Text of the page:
Before engulfing herself in an acting career, Lange studied art and photography at the University of Minnesota, as well made a few documentary films in Europe in the late 1960s. While at the university, she formed a relationship with photographer Francisco "Paco" Grande. The pair married in 1970 and Lange dropped out of the school in favor of travelling with Grande throughout the United States. Their relationship would eventually end in 1981, however.
She returned to photography many years later, when her latter partner Sam Shepard brought home from a movie set a Leica camera. After three decades in front of the cameras, she then rehabilitated her former dream of being on the other side of the lens, initially photographing her children.
Approximately five years before her first set saw its eventual release, Lange showed some of her work to French film photographer Brigitte Lacombe that began her campaign in 1975, as well to Wim Wenders' wife Donata who also became involved in visual arts herself. Encouraged with both fellow artists to "think bigger", she thus started printing at a professional lab and decided to release a book of her own pictures.
"When I first showed them to Brigitte Lacombe, she said to me, ‘Oh, Jessie. Why are you still so lonely?’ And [I] realized that I'm attracted to people in solitary situations that are evocative of lonesomeness."
Her collection of fifty black-and-white studies of unknown people and far-away places was published under title 50 Photographs through powerHouse Books on November 18, 2008, and along with a special contribution written by Patti Smith (pictured top right).
Titled and signed by the actress au verso in pencil, all the pictures were shot mostly during Lange's considerable travels in such places as Ethiopia, Mexico, Romania and Russia. Some of them though, were also taken in the northern part of her native Minnesota and in New York, respectively.
Lange's first art exhibition took place at Howard Greenberg Gallery, located on the northeast corner at 41-45 East 57th Street and Madison Avenue in a tower block known for housing a number of important galleries in N.Y.C., New York. A member of the Association of International Photography Art Dealers (AIPAD), originally known as Photofind (1981), the Midtown's gallery in demonstrates photojournalism and street photography covering a variety of other genres, such as contemporary photography, Photo-Secession (Camera Work), vintage prints (Time, LIFE), in addition to styles spanning from pictorialism to modernism.
Her exhibit entitled Jessica Lange: Photographs, introduced twenty-nine black-and-white pictures, all being displayed on the Howard Greenberg Gallery's main space from November 26, 2008 until January 10 the following year. Some of the Paul Strand's work took by himself in the northern region of Africa, served as an instrumental thematic show.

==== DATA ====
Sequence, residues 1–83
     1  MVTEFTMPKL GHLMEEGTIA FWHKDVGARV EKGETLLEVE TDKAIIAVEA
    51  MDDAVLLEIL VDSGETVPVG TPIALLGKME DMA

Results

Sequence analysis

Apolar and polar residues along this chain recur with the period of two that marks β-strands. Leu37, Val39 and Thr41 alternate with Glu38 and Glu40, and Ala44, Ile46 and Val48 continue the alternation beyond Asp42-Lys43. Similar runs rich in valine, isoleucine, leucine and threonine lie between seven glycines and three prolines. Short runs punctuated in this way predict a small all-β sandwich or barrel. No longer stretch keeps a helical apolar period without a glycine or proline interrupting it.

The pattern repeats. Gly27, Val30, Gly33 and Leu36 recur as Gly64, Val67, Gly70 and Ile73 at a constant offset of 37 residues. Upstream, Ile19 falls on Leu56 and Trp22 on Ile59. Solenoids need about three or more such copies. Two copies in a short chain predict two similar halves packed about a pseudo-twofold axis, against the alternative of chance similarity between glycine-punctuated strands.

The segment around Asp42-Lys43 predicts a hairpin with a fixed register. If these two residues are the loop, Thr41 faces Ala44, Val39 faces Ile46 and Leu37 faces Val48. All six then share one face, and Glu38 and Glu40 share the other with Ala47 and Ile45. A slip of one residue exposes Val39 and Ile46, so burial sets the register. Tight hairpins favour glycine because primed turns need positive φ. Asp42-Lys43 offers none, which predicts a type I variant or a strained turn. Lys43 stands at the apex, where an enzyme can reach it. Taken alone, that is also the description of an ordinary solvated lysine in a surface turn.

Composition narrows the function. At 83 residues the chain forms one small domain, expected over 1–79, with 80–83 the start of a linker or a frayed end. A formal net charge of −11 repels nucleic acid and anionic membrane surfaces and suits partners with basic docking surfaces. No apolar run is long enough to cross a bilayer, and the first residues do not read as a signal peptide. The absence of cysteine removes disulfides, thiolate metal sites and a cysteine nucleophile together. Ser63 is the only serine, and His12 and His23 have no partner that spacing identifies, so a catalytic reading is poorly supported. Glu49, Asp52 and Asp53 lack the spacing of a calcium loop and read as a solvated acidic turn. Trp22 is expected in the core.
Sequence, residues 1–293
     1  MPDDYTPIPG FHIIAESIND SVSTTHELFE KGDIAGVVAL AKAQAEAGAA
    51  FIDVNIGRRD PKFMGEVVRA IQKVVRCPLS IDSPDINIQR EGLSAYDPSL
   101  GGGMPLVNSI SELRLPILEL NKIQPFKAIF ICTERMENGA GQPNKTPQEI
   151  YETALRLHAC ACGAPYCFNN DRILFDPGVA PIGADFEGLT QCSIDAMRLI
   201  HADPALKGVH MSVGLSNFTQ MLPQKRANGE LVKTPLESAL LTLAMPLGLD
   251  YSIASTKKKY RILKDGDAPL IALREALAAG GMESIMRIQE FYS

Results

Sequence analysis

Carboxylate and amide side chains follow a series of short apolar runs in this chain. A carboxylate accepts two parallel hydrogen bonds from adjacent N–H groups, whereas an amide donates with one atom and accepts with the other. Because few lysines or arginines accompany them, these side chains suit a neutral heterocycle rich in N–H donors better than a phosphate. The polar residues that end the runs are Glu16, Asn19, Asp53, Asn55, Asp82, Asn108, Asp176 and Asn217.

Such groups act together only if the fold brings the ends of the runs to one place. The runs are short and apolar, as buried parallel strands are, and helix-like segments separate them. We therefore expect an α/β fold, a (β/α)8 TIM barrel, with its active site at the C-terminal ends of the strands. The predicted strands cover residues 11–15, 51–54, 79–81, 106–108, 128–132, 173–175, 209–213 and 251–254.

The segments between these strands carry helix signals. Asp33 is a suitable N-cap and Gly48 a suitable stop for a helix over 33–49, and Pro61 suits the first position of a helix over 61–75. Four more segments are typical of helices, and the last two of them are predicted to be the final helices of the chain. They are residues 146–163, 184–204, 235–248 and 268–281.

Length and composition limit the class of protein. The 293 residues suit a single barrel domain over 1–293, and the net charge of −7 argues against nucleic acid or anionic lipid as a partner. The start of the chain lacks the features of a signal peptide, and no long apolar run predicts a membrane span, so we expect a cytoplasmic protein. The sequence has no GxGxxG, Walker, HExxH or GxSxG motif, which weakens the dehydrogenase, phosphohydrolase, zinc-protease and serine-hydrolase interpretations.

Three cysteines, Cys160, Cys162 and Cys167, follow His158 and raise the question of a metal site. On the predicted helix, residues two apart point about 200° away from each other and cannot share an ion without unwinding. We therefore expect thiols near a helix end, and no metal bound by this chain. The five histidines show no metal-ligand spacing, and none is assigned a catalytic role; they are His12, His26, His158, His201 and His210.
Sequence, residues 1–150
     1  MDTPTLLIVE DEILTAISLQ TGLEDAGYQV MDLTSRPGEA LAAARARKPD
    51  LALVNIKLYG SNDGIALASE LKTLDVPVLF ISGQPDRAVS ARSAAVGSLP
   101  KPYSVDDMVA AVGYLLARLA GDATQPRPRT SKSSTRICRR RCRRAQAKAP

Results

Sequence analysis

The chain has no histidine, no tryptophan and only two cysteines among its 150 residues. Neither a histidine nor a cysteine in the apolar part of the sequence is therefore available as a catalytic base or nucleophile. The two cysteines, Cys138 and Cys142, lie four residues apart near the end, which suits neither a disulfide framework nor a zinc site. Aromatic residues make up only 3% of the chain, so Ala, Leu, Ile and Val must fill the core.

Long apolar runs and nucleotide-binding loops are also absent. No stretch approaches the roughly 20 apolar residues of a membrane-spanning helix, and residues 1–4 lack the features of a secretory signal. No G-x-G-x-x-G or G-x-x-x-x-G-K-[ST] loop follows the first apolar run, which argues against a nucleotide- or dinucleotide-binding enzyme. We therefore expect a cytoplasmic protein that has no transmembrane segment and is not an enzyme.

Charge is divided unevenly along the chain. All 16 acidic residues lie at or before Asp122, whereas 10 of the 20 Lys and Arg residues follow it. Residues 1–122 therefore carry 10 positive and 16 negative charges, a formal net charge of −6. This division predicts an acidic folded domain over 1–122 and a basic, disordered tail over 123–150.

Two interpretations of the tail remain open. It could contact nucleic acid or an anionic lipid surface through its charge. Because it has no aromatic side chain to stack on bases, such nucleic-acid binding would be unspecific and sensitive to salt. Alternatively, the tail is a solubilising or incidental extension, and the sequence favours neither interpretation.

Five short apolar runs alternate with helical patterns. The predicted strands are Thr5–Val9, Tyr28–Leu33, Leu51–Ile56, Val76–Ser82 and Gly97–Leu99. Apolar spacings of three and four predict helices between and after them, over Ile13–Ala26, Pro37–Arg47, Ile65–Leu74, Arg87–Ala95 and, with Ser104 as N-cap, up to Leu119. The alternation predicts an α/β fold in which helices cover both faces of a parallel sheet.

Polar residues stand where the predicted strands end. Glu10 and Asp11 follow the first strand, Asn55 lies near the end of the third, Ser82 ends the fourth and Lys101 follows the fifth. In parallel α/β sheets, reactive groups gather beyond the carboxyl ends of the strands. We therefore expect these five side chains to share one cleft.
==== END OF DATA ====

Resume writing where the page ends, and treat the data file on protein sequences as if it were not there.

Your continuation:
Shortly after the release of her latest TV film, Grey Gardens (2009), Lange's images received their exposure on July 14 through ROSEGALLERY at Bergamot Station, placed in a Santa Monica's art complex on Michigan Avenue. Founded in 1991, the gallery carries a lineup of diverse modern and contemporary artists.
A thirty-one photograph show simply named Jessica Lange, was co-produced by Howard Greenberg Gallery and Motion Picture & Television Fund in common. Lange attended a reception which followed four days later.
In an attempt to showcase more visual liberties, George Eastman House - International Museum of Photography & Film in Rochester, NY enhanced her photographic work with the retrospective series of her five feature films Jessica Lange Thursdays, screening her performances delivered for The Postman Always Rings Twice (on July 2), Tootsie (on July 9), Music Box (on July 16), Blue Sky (on July 23) and Titus (on July 30). Besides, a tribute evening was held at Dryden Theater on July 25, preceded with a Lange's personal presentation of her then current movie release, Grey Gardens. As a result, she was given the first George Eastman House Honors Award ever that night.
Lange's second museum venue named after her book occurred on July 18, demonstrating thirty-three photos taken from the publication. The show was opened to public by September 20, 2009.
The venue for the fifth and final promo exhibition of Lange's premier monograph became A Gallery for Fine Photography, based in the French Quarter at 241 Chartres Street in New Orleans, Louisiana. Another member of AIPAD, the gallery presents contemporary and classic photography from the 19th, 20th and 21st century.
Selections from her premiere photo-book were initially published in the spring 2007 issue of Aperture. The magazine devoted to fine art photography then wrote: "Jessica's photographs very much reflect her personality. They are delicate, but powerful... loving, warm, and extremely poetic."
According to an article published by the online art magazine artnet on December 4, 2008, 50 Photographs sold out its initial printing in a two-week period since the official release.